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I've just started to learn OpenGL 3 and I'm using freeglut for the context. I ask for a 3.3 context using:

glutInitContextVersion(3,3);
glutInitContextFlags(GLUT_FORWARD_COMPATIBLE | GLUT_DEBUG);

I then query the version I'm using with:

int glVersion[2] = {0,0};
glGetIntegerv(GL_MAJOR_VERSION, &glVersion[0]);
glGetIntegerv(GL_MINOR_VERSION, &glVersion[1]);

Furthermore in my simple program, I create a triangle using a VBO. When I compile and run, the triangle is not rendered.

There are three ways that fix the problem and I don't understand why. The first method is to uncomment the first two lines of code I posted. In this case, the 3 next lines I posted, still report that I'm using OpenGL 3.3.

The second method it to wrap the VBO in a VAO.

The third one is to ask for a 2.1 context but in this case a version 3.3 is being reported again.

Could you help me understand this behaviour? Is it specified somewhere in the OpenGL specification that a VBO needs to be wrapped in a VAO in versions 3.x?

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2 Answers

up vote 2 down vote accepted
glutInitContextFlags(GLUT_FORWARD_COMPATIBLE | GLUT_DEBUG);

Never, ever, ever, EVER use FORWARD_COMPATIBLE for ANYTHING.

If you want a core OpenGL context in FreeGLUT, ask for it with the right function:

glutInitContextProfile(GLUT_CORE_PROFILE);

You never need the FORWARD_COMPATIBLE bit set. I know that a lot of code does it, and if I could, I would scour the Internet and blacklist every webpage that says to use this flag.

The FORWARD_COMPATIBLE flag should never mean anything to a compatibility context. FOWARD_COMPATIBLE means that features marked deprecated aren't available; nothing is marked deprecated in a compatibility context, so therefore it should have no effect.

When used with a core context, it will remove the few features that have been marked deprecated but were never actually removed (wide lines and a couple of other things). But there's no point in doing that; if the ARB were going to remove them, they'd have done so already.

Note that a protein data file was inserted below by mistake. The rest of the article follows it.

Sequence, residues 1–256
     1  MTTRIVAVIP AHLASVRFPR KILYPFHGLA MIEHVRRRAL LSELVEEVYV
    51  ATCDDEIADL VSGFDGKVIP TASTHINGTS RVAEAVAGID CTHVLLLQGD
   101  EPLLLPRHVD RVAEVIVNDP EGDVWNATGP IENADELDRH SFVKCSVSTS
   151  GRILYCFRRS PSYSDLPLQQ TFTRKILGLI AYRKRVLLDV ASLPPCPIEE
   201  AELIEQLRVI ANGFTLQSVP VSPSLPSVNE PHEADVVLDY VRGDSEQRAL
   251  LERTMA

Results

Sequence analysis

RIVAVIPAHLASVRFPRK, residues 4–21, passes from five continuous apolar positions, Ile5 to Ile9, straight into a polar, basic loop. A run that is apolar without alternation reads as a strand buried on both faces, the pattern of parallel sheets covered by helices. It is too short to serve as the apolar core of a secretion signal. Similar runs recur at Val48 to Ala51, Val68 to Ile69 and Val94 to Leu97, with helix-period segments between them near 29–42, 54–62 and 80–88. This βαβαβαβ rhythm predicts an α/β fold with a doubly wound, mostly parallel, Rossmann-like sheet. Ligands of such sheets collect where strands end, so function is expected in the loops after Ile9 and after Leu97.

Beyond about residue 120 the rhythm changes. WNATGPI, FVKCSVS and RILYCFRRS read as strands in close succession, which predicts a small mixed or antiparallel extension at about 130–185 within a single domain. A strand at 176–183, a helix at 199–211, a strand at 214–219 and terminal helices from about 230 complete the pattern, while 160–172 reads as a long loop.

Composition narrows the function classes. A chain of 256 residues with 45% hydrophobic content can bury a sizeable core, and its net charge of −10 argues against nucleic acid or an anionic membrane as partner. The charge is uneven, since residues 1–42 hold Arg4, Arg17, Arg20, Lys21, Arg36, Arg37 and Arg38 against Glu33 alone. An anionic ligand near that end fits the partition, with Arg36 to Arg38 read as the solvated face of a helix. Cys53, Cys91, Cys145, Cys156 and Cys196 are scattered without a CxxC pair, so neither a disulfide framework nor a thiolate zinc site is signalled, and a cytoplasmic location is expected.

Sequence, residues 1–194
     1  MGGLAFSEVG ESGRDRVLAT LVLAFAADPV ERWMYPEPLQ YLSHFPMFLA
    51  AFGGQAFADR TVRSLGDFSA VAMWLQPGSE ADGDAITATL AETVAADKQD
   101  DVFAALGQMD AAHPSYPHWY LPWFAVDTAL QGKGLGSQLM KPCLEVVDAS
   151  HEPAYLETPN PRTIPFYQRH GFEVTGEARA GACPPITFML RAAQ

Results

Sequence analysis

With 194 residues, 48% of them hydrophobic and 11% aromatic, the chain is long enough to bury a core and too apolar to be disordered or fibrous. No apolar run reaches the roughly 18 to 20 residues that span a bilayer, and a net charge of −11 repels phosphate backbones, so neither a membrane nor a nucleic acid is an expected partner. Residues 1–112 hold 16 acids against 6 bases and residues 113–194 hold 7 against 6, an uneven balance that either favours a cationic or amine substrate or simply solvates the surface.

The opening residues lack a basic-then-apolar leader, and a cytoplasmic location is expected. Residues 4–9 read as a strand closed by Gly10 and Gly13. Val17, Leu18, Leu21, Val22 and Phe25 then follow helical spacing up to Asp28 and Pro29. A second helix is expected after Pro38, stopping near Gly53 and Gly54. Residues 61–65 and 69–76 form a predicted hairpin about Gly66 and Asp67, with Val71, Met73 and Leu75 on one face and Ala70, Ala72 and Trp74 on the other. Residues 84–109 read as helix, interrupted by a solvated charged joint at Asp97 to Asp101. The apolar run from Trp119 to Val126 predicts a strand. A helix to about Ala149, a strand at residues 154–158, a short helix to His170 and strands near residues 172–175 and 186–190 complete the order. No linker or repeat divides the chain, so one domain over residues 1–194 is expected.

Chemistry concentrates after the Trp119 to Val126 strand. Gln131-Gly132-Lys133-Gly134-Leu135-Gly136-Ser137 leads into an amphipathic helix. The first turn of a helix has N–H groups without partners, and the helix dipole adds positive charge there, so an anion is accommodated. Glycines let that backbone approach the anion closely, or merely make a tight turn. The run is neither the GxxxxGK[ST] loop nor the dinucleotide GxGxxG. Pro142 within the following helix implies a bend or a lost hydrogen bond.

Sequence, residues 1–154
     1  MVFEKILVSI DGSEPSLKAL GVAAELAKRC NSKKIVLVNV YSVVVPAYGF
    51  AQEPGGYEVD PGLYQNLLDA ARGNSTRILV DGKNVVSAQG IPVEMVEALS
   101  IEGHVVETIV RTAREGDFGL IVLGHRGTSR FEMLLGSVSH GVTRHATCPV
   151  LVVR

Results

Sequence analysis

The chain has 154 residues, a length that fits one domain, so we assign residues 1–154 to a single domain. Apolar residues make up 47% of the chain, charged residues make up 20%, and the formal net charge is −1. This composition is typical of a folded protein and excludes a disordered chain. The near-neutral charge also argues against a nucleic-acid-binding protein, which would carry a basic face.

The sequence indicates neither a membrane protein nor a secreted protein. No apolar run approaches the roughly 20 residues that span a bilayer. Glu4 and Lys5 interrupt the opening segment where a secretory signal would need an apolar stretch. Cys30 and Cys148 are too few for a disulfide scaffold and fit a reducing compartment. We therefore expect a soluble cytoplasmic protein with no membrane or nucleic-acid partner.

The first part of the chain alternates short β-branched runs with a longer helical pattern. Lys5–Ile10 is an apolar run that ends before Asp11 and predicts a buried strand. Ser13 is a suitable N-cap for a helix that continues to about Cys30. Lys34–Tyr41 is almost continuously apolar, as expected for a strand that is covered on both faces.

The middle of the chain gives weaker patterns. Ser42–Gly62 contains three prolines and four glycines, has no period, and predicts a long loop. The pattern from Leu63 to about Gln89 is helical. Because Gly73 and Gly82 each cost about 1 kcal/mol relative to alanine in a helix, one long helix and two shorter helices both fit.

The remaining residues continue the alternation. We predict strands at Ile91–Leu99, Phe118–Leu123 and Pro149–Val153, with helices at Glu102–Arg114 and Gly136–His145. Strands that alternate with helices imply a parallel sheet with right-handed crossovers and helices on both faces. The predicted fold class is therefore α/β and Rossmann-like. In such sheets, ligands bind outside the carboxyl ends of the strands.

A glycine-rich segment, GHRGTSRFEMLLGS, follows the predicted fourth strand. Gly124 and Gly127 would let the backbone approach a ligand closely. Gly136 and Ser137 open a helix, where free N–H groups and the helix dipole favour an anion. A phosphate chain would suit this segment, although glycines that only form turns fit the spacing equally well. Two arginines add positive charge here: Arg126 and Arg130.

Therefore, the flag no longer serves a purpose. It meant something in 3.0, before core contexts. But it means nothing now.

In any event, the lack of the VAO is the problem. Once you have a core context (which I think you get by default when asking for a specific version number), you must use a VAO to store your vertex array bindings.

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Hi, thanks, for your answer. Could you or some one else, point to where in the OpenGL specification it is stated that even if you have a single VBO you have to wrap it in a VAO? –  Grieverheart May 1 '12 at 14:37
    
@user1294203: The standard doesn't talk about "VBO"s; there are simply buffer objects, which may be used for vertex data. But the particular part of the standard you want is section 2.8 of the 4.2 core spec: "An INVALID_OPERATION is generated [...] if no vertex array object is currently bound." This is talking about the use of glVertexAttribPointer. Similar terminology exists for glEnable/DisableVertexAttribArray and other functions. –  Nicol Bolas May 1 '12 at 19:56
    
Thanks a lot! I read that section and also the sections 2.9 and 2.10 but I still don't completely get it. It will probably take some more experience to understand the specs fully. –  Grieverheart May 2 '12 at 1:44
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Since OpenGL 3.1 there are actually different types of contexts (called profiles):

  • There is the compatibility profile, which is completely backward compatible down to OpenGL 1.0 and thus includes all deprecated functionality (like glBegin/glEnd or the fixed function pipeline).

  • Then there is the core profile, which has all deprecated functionality removed and concentrates on modern features only (like VBOs, VAOs and shaders). You can use all those from the compatibility profile, too, but in the core profile you have to use them over their deprecated counterparts.

Now your actual problem is, that the core profile indeed requires you to wrap your vertex array state in a VAO. When you don't take any specific measures (like in your two code lines) you usually get the highest available OpenGL version (3.3 in your case) with a compatibility profile (which would allow non-VAO arrays). But in your second line you are actually requesting a forward-compatible context. This is a special kind of core profile context, which is even further restricted and doesn't even support features that are just planned to be deprecated in the future (only glLineWidth at the moment, I think).

So when commenting those lines you get a compatibility context and are allowed to use VBOs (or even client arrays) without VAOs. Requesting a 2.1 context seems in this case to be equal to just requesting an as high as possible context (3.3) with compatibility profile, as this is a superset of 2.1, anyway.

But to overcome this I suggest you to use VAOs and stay with the forward-compatible core context, as it is in general a good idea to concentrate on modern and future-ready OpenGL without deprecated features.

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